ON A train to London recently, the man sitting next to me was talking constantly on his mobile phone. My first reaction?
Commuter rage. One call ended, another began. He spoke loudly and confidently. He was wearing a suit and good shoes, and smelt of the office: aftershave, coffee and a freshly laundered white shirt. He had a laptop with a spreadsheet open, but he wasn’t working on it. These white men in suits think they rule the world, I thought grumpily to myself. No consideration for someone like me – an underslept and underpaid woman in her mid-30s in jeans and Converse, battling the inevitable patriarchy and travel sickness whilst tapping away on her shonky old laptop.
And then... I started to listen. OK, eavesdrop. At first I just caught snippets of his conversation – “scan”, “doctor”, “rare”, “cancer”. Words like fists, the kind that make you shrink away, even when they’re not directed at you. Also a couple of platitudes – “taking each day as it comes”, “staying positive” – the sort of orderly, familiar clichés that become indispensable when something deeply disorderly and unfamiliar is happening to you. Slowly, I pieced it all together. Something momentous was happening to this man and he was letting a few people know en route to London. He had just found out that he had a terminal illness.
Eventually he stopped talking on the phone and just sat staring at his screen for a while. We passed Darlington in a mutual silence that, to me, felt heavy with things unsaid and undone. I watched him out of the corner of my eye, felt sad for this man I had never spoken to or seen front-on. Finally, he turned to me. “And how are you getting on?” he said, as though we were in the middle of a conversation. He pointed at my belly and smiled. “Good, thanks,” I said. And so we got talking.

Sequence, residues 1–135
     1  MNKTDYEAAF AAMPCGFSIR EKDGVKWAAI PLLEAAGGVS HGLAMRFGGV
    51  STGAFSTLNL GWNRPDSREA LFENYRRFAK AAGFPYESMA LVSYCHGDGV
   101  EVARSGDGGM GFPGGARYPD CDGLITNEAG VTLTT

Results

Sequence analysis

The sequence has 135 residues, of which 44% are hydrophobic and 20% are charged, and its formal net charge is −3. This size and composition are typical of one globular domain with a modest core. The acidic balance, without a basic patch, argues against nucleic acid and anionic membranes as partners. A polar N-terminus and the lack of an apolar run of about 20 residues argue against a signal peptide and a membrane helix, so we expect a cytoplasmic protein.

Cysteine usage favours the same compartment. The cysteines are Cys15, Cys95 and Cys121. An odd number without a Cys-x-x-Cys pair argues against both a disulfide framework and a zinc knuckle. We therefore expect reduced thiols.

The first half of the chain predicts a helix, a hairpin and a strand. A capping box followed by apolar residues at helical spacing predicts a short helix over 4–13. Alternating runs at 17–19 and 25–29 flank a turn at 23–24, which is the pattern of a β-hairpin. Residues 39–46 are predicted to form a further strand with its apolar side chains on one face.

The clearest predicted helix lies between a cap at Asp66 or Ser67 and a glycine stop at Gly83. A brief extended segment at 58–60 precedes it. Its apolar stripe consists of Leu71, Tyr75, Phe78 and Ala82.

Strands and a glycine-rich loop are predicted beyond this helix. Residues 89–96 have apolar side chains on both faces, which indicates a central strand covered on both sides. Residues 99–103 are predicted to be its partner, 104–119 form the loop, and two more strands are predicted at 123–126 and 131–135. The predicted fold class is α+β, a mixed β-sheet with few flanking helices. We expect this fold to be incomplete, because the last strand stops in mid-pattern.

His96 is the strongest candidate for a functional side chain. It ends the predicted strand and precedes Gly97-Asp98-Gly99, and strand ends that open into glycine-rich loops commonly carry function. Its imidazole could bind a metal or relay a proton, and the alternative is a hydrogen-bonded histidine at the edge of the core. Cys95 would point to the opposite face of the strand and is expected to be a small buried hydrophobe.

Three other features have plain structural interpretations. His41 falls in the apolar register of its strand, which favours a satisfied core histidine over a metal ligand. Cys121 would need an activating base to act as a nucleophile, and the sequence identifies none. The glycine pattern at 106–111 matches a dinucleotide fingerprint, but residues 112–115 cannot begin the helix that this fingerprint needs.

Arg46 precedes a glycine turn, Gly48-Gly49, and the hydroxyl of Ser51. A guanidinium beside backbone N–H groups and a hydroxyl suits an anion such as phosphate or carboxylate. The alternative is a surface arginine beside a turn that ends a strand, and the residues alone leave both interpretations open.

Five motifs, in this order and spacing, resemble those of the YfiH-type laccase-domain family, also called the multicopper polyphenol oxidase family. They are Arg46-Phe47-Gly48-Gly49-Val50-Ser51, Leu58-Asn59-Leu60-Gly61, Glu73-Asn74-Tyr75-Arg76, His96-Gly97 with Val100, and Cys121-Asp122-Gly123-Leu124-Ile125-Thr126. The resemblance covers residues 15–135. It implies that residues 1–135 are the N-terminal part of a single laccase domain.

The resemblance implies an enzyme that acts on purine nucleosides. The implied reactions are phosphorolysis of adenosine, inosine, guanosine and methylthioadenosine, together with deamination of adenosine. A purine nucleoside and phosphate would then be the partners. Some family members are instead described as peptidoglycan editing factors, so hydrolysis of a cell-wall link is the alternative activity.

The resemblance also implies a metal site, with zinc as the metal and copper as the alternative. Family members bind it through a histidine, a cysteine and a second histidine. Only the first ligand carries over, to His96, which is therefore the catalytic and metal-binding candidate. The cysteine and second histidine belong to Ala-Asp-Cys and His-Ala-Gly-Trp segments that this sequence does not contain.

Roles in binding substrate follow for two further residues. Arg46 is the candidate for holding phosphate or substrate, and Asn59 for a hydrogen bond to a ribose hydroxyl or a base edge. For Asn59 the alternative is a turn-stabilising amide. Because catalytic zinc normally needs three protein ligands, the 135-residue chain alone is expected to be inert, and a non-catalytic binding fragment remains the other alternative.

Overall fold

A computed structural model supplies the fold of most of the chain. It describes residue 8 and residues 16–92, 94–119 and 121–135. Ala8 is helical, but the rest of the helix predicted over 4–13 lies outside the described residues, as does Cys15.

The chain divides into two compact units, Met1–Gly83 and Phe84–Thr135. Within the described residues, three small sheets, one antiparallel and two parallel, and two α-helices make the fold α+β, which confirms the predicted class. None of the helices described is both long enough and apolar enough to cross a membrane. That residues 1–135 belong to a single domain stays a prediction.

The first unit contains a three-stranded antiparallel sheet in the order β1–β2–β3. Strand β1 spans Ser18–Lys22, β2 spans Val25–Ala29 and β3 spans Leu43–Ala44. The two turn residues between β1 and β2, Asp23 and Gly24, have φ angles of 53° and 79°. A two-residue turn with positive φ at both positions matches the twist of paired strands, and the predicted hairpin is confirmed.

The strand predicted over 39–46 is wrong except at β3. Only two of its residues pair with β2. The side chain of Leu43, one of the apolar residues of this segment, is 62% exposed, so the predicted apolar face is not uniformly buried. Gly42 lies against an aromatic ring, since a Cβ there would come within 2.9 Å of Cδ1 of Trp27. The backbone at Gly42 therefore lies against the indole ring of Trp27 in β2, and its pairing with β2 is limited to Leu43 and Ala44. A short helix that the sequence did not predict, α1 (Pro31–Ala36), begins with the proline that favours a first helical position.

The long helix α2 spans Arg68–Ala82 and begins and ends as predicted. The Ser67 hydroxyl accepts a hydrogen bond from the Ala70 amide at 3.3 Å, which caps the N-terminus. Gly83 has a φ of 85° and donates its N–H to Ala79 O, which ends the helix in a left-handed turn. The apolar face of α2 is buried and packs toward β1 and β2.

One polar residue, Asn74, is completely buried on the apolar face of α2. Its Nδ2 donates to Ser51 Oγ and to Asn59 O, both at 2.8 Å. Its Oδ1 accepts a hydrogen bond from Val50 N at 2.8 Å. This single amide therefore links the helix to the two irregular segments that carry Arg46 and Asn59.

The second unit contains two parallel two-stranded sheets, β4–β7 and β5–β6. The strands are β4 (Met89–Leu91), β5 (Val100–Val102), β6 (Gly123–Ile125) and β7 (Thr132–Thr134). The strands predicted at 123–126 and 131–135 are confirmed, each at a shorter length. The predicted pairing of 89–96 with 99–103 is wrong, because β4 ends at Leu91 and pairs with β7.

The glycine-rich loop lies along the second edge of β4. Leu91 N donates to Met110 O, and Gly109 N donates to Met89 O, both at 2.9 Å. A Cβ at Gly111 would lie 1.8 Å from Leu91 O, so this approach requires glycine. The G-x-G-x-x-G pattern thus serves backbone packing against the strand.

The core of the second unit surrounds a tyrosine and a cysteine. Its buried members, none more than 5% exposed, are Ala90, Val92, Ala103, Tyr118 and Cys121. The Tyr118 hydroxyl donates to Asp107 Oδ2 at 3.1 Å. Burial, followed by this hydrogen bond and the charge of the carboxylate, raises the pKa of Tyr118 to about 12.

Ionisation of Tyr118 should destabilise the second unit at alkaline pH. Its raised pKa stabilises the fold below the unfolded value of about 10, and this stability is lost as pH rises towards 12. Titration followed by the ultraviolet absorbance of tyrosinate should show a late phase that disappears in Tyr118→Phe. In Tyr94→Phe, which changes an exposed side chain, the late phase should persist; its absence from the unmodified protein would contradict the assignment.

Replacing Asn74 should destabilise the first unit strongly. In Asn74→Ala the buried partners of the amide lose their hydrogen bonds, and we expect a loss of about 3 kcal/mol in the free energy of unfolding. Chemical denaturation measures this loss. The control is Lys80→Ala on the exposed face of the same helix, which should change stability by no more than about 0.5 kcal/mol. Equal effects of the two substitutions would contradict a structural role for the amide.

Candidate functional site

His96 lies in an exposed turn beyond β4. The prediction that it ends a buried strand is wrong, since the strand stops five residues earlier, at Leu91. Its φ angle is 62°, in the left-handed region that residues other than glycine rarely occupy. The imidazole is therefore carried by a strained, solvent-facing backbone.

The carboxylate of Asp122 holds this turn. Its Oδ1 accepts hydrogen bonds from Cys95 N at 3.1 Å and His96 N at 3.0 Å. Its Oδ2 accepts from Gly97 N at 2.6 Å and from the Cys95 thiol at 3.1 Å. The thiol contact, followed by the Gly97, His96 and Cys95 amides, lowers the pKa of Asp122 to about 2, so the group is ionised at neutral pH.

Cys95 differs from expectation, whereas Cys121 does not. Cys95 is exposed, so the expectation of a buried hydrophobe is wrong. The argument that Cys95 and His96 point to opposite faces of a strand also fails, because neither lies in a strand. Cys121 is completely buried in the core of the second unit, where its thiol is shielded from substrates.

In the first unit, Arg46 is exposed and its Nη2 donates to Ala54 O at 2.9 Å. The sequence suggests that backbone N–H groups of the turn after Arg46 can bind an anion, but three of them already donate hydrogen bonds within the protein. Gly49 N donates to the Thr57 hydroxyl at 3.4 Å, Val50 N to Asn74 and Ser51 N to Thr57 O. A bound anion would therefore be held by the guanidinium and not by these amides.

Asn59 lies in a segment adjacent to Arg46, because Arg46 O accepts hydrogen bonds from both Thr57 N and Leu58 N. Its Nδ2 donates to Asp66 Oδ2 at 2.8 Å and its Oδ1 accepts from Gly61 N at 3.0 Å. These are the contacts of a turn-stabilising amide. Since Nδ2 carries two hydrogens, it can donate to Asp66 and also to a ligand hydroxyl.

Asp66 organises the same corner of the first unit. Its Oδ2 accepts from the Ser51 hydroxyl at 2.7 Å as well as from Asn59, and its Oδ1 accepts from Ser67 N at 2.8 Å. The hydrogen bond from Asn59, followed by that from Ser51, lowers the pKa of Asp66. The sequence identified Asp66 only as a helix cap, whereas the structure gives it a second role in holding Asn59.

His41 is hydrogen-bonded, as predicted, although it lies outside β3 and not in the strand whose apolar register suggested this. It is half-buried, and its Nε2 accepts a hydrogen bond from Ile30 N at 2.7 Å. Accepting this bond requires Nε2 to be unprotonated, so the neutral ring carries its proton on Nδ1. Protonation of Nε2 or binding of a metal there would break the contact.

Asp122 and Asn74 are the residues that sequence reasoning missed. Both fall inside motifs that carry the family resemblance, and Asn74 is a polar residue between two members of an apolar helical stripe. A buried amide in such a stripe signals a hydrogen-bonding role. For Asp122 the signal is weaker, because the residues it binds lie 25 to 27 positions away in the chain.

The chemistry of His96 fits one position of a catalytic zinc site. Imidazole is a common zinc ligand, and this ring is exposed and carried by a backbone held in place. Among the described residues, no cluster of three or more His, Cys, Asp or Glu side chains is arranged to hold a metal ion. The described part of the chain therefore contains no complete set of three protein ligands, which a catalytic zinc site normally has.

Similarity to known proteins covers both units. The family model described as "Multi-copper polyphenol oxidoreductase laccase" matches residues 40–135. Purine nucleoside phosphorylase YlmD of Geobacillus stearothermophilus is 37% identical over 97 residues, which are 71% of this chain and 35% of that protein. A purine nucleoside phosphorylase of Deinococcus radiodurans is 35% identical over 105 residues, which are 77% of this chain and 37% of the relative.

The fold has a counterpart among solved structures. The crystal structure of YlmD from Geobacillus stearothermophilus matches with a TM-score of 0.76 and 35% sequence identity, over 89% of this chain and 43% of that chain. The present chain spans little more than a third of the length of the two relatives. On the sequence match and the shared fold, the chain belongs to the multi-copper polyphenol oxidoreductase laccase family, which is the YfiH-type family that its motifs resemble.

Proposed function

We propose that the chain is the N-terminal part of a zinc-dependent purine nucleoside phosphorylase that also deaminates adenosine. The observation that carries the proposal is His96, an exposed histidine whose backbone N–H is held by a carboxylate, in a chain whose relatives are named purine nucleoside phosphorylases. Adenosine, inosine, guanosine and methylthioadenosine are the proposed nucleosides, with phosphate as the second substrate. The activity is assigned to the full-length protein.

Here’s the thing. I am pregnant. For several months now a tiny, folded, mysterious person-in-waiting has been growing in my tummy. A baby. A baby boy, in fact. Someone who in 40 years or so could be this very man sitting next to me. This is how he began, after all.
So here we are: two strangers on a train, both heading to London on business, both randomly travelling in the same but opposite directions, both randomly colliding with life. One full of the start of everything, another full of the end. Life can get really literal sometimes.
We talked with the particularly intense intimacy of strangers on a train. He told me he had found out just last week that he has a rare form of incurable cancer that usually affects much older people. That was the bad news, and yes, it was extremely bad. The good news was that because he is younger there is a strong chance of him being around for up to another 20 years. “We all have to go,” is how he put it. “I just know that more definitively now than I did before.”
I told him I was having a boy, that this is my first baby, and so far everything is going grand. I told him I got pregnant the same year I found out that my mother, the one who kindly carried me in her tummy, had got breast cancer. He told me he had four children, and then looked sad. We spent the rest of the journey in a more comfortable silence. He did some work on his spreadsheets. I did some more tapping on my laptop.
As the train approached King’s Cross, he insisted on getting my bag down for me. Then we shook hands, said goodbye and good luck and went our separate ways.